PET ROCK LADYBUGS: Ask each student to bring in a couple of small rocks. Supply colored construction paper, pipe cleaners, scissors, and glue. Have the students design their own unique ladybugs using the rocks as the base for the bug. Have them cut and glue the wings that they design to the rocks. Then have them glue on the trimmed pipe cleaners as the ladybug's antennas. They can use these pet rock ladybugs as weights for their papers.

STRING ART: Using string, the students are going to create spider webs on construction paper. The students can use their imagination to create individual webs. Supply scissors, glue, string, and construction paper. Tell the students to cut the string to their preferred length and begin creating. As a special added spark at the end supply glitter that the students can place on the web. Remember that spiders 'catch' insects that float by with their webs.

EAGLE BOOKMARK: The students are going to make an eagle bookmark. The following supplies will be needed. Red, while, and blue felt, scissors, quarter, and glue. Have the students cut the red felt into a long strip. Cut one end into a point. Cut shapes from the blue and white felt. Glue these shapes on the red strip just above the point. Then glue the quarter, eagle-side up, to the other end of the strip. Use it as a patriotic bookmark.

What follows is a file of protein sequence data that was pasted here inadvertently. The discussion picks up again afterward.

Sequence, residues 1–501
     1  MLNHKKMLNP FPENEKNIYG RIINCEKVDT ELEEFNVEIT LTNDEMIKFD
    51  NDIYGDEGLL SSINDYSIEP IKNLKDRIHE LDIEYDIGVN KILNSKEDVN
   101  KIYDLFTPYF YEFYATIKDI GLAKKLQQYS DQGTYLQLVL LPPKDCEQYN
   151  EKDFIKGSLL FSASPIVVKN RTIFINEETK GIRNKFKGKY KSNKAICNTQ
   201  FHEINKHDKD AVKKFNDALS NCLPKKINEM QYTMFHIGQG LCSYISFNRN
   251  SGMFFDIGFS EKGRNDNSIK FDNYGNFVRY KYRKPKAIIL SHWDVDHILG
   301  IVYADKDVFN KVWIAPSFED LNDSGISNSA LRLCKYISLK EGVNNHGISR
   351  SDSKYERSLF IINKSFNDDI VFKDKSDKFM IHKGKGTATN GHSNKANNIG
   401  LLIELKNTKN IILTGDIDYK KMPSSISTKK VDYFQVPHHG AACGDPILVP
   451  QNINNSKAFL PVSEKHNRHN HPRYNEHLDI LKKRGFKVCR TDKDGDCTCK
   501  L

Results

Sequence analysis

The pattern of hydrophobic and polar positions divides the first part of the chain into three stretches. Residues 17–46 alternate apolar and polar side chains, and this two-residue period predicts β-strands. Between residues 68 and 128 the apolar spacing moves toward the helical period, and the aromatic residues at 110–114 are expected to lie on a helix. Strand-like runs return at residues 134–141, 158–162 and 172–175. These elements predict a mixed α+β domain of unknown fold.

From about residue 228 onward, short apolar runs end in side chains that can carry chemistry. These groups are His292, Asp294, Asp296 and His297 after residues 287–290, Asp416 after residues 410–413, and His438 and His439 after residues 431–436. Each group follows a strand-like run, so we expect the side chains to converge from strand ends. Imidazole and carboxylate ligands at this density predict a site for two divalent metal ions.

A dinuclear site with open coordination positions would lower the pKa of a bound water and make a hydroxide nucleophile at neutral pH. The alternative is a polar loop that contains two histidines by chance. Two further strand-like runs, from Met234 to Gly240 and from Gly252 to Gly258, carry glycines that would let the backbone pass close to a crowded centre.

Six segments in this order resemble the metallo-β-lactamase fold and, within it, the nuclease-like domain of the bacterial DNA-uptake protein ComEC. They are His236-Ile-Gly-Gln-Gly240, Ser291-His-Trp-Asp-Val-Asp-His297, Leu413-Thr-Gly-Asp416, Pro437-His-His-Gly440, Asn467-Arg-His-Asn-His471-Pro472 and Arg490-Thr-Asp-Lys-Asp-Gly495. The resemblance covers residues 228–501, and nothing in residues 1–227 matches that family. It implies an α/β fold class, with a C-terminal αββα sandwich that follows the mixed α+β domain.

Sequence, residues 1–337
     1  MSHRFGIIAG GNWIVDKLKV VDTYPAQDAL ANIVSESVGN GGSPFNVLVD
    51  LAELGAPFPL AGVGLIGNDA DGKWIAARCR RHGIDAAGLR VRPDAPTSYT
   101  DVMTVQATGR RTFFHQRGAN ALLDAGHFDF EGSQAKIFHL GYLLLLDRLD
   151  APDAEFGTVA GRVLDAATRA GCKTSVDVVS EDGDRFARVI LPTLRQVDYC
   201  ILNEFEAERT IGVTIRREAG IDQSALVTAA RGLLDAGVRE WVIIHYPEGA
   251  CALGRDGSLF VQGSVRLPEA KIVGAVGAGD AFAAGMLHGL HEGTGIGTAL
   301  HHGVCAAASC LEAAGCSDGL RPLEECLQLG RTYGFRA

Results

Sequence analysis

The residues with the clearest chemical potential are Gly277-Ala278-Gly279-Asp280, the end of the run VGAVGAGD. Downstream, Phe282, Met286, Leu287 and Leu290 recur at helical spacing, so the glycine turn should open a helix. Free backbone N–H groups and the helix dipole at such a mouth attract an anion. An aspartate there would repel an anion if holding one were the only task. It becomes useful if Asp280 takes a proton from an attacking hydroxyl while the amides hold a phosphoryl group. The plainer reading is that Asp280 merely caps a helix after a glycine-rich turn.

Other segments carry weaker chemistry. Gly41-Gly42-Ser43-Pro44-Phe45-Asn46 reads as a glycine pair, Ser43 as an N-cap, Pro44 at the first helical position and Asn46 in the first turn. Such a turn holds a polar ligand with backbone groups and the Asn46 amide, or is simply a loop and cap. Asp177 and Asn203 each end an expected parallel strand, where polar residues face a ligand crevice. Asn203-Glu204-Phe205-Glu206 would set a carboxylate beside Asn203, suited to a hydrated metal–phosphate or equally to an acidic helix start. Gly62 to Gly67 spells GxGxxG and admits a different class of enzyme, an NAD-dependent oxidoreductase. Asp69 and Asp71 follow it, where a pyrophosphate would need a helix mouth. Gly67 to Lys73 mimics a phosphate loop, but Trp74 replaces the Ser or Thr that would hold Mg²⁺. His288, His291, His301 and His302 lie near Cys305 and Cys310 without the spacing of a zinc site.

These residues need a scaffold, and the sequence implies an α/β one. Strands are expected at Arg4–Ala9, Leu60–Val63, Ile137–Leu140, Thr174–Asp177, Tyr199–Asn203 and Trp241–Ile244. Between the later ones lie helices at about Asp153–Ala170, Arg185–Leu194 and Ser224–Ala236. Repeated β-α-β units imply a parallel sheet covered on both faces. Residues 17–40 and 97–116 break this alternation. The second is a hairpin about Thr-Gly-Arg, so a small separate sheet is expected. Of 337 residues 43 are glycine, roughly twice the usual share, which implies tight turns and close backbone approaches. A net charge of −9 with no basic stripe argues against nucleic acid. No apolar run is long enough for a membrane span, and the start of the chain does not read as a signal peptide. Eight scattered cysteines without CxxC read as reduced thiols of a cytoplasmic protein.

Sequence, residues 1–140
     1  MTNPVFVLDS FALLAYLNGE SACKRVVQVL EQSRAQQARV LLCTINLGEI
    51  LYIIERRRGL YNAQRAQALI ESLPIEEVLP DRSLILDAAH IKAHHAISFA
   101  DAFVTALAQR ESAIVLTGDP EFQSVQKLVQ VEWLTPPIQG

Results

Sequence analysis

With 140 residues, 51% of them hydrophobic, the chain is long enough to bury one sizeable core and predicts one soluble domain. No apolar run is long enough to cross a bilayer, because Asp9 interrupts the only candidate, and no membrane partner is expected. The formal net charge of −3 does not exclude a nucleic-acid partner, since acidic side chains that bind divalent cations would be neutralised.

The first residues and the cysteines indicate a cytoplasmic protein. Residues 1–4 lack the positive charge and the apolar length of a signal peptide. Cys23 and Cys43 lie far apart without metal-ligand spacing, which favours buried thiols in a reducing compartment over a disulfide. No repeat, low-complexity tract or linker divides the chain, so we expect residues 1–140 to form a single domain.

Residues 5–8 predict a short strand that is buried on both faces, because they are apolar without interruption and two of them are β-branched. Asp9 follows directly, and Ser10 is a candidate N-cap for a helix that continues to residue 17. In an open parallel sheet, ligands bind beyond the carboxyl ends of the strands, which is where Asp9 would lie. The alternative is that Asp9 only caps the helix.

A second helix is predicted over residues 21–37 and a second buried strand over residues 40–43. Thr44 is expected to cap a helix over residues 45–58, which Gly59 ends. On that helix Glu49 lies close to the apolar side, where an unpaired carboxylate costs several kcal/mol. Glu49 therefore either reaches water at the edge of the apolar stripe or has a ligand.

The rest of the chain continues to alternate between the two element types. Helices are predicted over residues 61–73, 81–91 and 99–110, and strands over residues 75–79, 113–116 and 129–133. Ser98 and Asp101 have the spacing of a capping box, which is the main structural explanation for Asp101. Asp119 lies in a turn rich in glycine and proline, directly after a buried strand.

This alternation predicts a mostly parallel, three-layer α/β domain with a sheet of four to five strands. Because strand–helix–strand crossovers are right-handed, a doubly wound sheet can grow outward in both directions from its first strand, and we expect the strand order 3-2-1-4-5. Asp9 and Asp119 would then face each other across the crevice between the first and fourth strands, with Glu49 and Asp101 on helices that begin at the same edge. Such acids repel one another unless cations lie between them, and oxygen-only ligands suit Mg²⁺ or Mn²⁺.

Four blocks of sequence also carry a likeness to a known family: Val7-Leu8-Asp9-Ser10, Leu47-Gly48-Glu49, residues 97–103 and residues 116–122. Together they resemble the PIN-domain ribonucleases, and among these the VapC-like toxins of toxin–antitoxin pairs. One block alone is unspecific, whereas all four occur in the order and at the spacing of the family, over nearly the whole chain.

SHIRT CARDBOARD DRAGONFLY: The class will be making a dragonfly out of a shirt cardboard. The following materials will be needed for each student: a shirt cardboard, scissors, bright green, yellow, or blue yarn, crayons, glue, and foil. Cut two long strips of cardboard. On one piece, round off the end for the head, and taper the other end for a tail. On the other piece make the ends pointed for wings. Cut the yarn into tiny pieces. Then use crayons on the body piece to make the dragonfly colorful. Draw two bulging eyes on one end. Spread glue all over the wing piece. Tear off a strip of foil, and press it on to make shiny wings. Fold the edges under, or trim them off with scissors. Glue the bright yarn pieces on the foil to complete the shimmering wings. Glue the wing piece across the body.